"Of course," I said. "It's someone who believes things will always go wrong instead of right."
"Good answer. In Schopenhauer's case, however, it doesn't go far enough. He believed that the world is fundamentally evil. Do you believe that, Lorelei?"
"No, evil things happen, but the world itself isn't evil. Life is good. At least, I think it is."
I wasn't so sure at the moment--about anything. "How long have I been sitting under this tree? And where am I?"
Godolphin looked satisfied. "Those are questions you should be asking. As to how long you've been here, the answer is too long, much too long. Events have been moving without you. As to where you are, well, the answer is miles from home. Six hundred, to be exact. You're in the Black Hills sitting beneath a lodgepole pine on a place called Harney Peak."
"Where's home?" I asked.
It was Godolphin's turn for astonishment. "Worse than I thought! Worse, worse, and worse."
"Why do you say that?"
He turned a grave eye on me. "Everyone who has a home always remembers it. Always."
"Then why don't I?"
The stallion took a deep breath as if reluctant to tell me.
"Do you remember anything?" he asked.
"No," I said. "And stop stalling. Whatever it is, it can't be all that bad."
Godolphin laughed. "There's spirit in you, yet. Good. We'll need it."
"Stop stalling," I said again.
"There is a man..." he began, stopped and then started again. "A man. That's the only way I can describe him, although he's more than a man--and less, much less. Like Schopenhauer, he believes that the world is fundamentally evil, but there's a big difference between Schopenhauer and Quashnik."
"That's his name--Quashnik?" I asked. "What a stupid name!"
"Don't interrupt," the stallion said. "I need to get this story out."
I ignored his order and asked, "What's the difference between the two?"
"Schopenhauer believed the world is fundamentally evil, but he was not happy about it. Quashnik not only believes the world is fundamentally evil, but believes it isn't evil enough! He's delighted at the prospect of helping things head in that direction."
"Is he one of those people who wants the world to come to an end?" I asked, hoping I wasn't going to be asked to head off some final catastrophe. I was pretty sure I wouldn't be up to preventing the end of the world.
"No," he said. "Why would he want that? It would spoil his fun. No, he wants the world to go on forever--on his terms. If he gets his way, it would be torture without end for all of us. In fact, he's already started the process."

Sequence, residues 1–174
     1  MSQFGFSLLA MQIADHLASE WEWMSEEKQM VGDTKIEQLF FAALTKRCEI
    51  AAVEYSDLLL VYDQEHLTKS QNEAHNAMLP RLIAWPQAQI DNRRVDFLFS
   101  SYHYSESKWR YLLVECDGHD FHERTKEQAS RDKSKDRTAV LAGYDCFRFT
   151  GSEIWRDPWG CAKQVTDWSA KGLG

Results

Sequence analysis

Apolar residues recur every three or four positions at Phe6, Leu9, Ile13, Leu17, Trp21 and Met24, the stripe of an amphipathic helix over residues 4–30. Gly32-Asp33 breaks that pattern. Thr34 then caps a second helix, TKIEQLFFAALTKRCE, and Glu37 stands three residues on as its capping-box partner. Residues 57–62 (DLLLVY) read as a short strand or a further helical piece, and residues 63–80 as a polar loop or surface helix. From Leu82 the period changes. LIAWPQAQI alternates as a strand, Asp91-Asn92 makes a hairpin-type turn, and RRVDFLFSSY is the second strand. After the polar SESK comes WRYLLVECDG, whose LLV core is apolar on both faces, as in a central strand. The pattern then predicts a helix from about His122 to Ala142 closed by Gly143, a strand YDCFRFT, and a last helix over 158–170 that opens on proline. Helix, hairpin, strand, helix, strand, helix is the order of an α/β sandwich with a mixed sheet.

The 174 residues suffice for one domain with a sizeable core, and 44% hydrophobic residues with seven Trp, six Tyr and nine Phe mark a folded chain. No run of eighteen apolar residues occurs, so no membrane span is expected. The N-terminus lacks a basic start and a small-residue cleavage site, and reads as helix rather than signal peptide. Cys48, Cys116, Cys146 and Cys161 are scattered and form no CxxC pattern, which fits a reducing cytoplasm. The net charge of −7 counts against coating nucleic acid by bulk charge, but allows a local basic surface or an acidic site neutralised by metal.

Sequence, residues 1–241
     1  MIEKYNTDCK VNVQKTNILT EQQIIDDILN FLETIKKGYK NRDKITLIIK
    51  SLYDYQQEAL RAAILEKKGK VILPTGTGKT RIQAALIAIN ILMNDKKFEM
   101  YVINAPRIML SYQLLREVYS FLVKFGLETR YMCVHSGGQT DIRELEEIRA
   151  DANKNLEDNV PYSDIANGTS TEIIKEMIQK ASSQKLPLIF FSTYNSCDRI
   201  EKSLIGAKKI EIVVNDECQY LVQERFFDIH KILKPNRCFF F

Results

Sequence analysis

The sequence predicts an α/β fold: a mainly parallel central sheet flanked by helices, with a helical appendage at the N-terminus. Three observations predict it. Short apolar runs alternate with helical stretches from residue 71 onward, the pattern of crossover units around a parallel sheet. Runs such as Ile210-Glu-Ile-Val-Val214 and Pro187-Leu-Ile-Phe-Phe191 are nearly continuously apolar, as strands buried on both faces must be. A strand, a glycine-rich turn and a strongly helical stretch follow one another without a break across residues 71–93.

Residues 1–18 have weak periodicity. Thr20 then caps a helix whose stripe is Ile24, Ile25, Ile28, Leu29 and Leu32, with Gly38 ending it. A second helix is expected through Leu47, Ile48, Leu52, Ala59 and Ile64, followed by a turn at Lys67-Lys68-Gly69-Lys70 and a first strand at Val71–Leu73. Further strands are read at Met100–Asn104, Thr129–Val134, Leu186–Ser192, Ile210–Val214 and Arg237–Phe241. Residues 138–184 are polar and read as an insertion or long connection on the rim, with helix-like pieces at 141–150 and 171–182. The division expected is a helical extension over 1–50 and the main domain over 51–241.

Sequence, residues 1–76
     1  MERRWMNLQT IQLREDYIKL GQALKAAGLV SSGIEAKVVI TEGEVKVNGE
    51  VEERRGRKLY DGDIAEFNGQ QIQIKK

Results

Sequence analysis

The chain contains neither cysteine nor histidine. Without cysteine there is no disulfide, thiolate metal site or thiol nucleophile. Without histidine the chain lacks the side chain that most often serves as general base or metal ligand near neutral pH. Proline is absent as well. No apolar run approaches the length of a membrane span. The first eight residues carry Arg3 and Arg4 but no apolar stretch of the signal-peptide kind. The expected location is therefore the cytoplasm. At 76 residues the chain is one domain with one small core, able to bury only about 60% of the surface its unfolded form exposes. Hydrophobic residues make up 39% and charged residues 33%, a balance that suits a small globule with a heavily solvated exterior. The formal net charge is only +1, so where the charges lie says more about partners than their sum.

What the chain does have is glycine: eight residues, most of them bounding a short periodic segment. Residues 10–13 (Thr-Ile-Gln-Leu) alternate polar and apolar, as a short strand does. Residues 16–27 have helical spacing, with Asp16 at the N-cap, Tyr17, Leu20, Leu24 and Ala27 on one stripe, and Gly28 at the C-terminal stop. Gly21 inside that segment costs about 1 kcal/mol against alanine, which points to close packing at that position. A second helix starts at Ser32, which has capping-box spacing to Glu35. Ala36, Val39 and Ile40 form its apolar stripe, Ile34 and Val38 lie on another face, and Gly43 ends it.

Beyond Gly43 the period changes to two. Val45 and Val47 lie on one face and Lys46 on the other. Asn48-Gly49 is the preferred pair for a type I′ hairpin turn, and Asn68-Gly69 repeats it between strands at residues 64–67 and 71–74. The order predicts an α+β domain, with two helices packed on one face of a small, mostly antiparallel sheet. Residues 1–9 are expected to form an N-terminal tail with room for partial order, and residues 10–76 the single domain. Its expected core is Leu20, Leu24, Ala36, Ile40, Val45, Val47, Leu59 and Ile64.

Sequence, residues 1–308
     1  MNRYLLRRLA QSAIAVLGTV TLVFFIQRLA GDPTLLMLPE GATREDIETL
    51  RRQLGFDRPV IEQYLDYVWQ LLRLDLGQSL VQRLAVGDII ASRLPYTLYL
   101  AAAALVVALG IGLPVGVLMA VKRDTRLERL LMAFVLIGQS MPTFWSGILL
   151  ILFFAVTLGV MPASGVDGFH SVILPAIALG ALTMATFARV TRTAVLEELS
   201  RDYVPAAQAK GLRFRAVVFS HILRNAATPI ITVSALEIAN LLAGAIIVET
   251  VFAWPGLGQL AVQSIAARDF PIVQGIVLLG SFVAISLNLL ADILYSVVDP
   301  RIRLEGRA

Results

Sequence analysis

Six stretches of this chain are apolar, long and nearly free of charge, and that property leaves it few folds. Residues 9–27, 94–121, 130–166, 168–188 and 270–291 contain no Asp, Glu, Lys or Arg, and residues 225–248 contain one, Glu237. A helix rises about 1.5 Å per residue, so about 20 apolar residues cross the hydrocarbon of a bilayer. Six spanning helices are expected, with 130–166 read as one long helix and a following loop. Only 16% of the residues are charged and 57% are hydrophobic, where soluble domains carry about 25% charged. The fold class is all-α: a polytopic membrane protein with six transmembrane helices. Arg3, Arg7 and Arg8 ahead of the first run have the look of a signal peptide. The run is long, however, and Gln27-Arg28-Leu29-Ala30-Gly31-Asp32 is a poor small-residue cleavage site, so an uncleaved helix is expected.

I looked around. Everything seemed pretty normal, and I told Godolphin so.
"Quashnik is not your run-of-the-mill villain," he said. "He's subtle, and he has a sense of humor. You've already seen it."
"I have? Where?"
"That book," he said. "For most people, reading German philosophers for five minutes is a form of exquisite torture. If I hadn't come along, you could have been reading Schopenhauer for the rest of eternity or at least until Quashnik thought up something worse."
I read a couple of lines in the book--really read them--and saw what the stallion meant. I struggled through this sentence: "Every will is a will towards something, has an object, and end of its willing; what then is the final end, or towards what is that will striving that is exhibited to us as the being-in-itself of the world?"
"Good grief!" I said, then when I thought about reading that stuff for all eternity, I said it with considerably more feeling. "Good grief!"
"See?" Godolphin said. "Although he looks like a simple hired hand--he was hired to help out around the stables--think of Quashnik as an evil magician with an unlimited bag of tricks. He can torture you big, or he can torture you small, or he can do both at the same time."
"But why does he want to do this?"
The stallion's head drooped. "That may be the worst thing of all, Lorelei. He has no reason for doing it. He simply does it. He's amoral."
"He's a person who has no sense of right or wrong. Absolutely none. He hasn't got a clue about principles or moral or rules of civilized behavior. There's one thing you can count on with Quashnik--sooner or later, he will try to hurt you."
I shuddered. "He sounds awful."